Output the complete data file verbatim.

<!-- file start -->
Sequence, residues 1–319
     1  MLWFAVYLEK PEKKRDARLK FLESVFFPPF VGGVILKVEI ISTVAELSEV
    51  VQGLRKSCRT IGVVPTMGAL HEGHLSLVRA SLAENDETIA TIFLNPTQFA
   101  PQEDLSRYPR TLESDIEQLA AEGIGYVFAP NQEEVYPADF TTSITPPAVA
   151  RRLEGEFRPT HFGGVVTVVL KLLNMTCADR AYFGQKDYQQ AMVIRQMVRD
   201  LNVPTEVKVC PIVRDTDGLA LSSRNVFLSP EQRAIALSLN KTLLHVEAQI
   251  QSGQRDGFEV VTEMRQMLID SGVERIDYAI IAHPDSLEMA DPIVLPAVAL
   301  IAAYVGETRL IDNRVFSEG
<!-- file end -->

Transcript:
Sequence, residues 1–319
     1  MLWFAVYLEK PEKKRDARLK FLESVFFPPF VGGVILKVEI ISTVAELSEV
    51  VQGLRKSCRT IGVVPTMGAL HEGHLSLVRA SLAENDETIA TIFLNPTQFA
   101  PQEDLSRYPR TLESDIEQLA AEGIGYVFAP NQEEVYPADF TTSITPPAVA
   151  RRLEGEFRPT HFGGVVTVVL KLLNMTCADR AYFGQKDYQQ AMVIRQMVRD
   201  LNVPTEVKVC PIVRDTDGLA LSSRNVFLSP EQRAIALSLN KTLLHVEAQI
   251  QSGQRDGFEV VTEMRQMLID SGVERIDYAI IAHPDSLEMA DPIVLPAVAL
   301  IAAYVGETRL IDNRVFSEG